Herbert wants to change the system and his idea is pretty simple: align incentives — and penalties with a “claw back” program.
First Republic, says the American Banker, “has a claw back policy in place that says if a loan goes bad within the first three or four years, loan officers will be the first to absorb the loss — even though loans themselves are approved by the credit department.”
The loan officer does not just lose the commission from the loan, Herbert says, but the bank will go back and seek four to six times the original fee.
Claw Backs For The Masses?
Because First Republic deals with a financially-elite clientele there isn’t much chance of a claw back — the magazine reports that over a four-year period the bank had four losses among some 2,500 mortgage loans. This is possible because the bank has tough underwriting standards and demands 40 percent to 50 percent down.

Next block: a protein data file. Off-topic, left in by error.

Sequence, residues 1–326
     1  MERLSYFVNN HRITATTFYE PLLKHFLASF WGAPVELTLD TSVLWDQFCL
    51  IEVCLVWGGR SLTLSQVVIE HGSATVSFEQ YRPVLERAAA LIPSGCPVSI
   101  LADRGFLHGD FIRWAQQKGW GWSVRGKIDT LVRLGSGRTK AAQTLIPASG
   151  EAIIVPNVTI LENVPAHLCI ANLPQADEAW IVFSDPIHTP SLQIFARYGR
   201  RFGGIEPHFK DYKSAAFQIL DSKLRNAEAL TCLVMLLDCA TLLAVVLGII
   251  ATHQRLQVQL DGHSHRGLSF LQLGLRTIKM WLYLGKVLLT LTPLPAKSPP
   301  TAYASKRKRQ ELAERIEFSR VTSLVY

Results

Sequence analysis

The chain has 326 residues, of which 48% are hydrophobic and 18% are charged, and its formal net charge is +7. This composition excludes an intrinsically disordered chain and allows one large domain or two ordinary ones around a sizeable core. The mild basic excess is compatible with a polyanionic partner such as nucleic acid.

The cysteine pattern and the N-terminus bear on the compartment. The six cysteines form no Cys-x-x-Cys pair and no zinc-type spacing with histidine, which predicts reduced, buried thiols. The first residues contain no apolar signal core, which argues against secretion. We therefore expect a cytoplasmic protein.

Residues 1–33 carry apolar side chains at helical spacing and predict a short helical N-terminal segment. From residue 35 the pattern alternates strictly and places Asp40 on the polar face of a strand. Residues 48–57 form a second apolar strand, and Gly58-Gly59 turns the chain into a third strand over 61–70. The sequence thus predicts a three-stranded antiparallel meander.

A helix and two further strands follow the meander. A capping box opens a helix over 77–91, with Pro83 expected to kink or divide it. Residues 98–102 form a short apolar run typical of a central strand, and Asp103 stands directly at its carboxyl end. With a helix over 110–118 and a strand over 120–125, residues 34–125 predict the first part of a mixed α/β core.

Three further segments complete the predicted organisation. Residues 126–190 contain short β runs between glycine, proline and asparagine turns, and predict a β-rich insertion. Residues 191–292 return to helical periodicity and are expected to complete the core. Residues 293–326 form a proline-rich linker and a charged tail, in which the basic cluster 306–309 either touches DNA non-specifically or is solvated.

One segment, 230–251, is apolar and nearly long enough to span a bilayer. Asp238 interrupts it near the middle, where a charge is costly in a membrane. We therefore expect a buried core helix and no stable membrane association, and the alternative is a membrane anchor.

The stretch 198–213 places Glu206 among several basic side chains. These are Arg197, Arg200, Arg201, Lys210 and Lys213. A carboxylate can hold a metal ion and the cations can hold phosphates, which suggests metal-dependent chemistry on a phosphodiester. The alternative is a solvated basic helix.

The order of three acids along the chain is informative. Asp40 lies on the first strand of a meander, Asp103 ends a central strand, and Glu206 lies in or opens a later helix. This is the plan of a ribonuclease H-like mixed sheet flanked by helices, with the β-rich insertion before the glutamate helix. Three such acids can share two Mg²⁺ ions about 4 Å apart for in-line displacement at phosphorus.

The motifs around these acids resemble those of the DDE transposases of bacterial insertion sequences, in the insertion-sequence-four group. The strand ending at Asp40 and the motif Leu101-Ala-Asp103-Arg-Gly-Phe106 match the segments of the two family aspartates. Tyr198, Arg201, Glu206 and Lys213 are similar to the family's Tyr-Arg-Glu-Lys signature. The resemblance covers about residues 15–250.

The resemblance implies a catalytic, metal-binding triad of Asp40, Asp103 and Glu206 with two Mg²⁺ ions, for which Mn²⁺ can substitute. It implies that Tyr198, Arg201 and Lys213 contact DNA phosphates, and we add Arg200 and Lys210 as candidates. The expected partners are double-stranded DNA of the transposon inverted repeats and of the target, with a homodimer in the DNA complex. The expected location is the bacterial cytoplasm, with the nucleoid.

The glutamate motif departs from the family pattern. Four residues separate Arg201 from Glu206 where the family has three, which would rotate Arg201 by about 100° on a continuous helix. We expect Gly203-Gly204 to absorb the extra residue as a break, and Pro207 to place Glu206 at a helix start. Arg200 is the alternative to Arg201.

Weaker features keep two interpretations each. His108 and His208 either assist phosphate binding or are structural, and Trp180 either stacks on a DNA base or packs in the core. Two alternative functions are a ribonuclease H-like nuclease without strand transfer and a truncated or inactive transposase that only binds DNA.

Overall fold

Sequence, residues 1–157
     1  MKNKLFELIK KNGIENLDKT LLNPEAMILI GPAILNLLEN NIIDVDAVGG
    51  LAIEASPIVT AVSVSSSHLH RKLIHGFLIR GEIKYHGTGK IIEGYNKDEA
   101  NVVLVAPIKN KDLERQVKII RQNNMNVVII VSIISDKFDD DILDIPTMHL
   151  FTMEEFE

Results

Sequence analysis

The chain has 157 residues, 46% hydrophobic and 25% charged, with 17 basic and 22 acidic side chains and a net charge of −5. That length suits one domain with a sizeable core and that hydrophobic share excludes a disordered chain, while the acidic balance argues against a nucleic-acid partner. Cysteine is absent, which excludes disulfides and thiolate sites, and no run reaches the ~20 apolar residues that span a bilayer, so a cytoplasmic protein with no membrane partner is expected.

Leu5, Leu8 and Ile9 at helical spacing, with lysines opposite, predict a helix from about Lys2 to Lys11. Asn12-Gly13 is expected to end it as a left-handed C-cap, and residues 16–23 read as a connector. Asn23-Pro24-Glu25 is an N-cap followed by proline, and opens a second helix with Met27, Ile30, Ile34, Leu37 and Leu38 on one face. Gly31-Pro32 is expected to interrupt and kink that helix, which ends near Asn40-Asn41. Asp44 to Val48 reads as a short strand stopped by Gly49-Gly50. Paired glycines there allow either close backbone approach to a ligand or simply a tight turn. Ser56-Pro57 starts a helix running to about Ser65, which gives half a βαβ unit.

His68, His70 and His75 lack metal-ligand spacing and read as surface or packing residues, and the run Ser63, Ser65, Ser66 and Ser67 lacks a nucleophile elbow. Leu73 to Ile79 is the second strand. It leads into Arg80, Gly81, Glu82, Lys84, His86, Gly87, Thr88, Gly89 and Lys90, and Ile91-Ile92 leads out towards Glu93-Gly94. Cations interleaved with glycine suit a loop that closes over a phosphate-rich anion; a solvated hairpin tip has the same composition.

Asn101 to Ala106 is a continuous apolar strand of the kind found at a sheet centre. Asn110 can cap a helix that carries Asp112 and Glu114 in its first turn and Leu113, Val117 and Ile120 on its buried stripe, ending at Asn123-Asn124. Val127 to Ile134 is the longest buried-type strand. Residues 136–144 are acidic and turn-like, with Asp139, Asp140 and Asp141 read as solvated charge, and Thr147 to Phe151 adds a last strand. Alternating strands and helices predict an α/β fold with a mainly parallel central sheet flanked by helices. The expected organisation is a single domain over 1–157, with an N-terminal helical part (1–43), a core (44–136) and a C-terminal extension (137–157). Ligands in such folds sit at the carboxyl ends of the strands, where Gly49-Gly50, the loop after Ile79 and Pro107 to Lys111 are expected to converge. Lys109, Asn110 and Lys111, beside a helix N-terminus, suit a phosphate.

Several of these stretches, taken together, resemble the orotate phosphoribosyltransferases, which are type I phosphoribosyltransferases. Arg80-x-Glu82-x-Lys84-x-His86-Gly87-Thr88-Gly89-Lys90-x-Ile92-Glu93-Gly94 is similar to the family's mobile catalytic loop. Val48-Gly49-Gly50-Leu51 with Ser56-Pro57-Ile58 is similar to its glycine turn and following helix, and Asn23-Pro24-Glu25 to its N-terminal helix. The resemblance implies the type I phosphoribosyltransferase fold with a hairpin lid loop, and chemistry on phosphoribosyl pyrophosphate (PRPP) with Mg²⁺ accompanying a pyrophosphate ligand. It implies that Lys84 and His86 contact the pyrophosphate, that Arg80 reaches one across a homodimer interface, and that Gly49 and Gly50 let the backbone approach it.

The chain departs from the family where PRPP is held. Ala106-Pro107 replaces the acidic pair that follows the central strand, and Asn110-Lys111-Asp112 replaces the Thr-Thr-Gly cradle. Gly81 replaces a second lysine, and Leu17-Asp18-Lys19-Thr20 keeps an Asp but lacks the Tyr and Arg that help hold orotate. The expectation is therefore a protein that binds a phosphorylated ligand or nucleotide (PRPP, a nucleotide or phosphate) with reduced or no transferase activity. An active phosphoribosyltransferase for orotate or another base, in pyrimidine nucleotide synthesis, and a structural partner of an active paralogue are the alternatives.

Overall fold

But would the claw back system work with other lenders, lenders who make loans to borrowers who are not at the pinnacle of the financial system?
There’s no doubt that as a matter economic self-preservation loan officers would be a lot more cautious and conservative if the penalty for error was real, visible and directly impacted the loan officer’s checkbook. The result would be far fewer mortgages and that would mean lots of yelling and screaming about “tight” credit from brokers and builders, individuals not taking a loss on failed loans.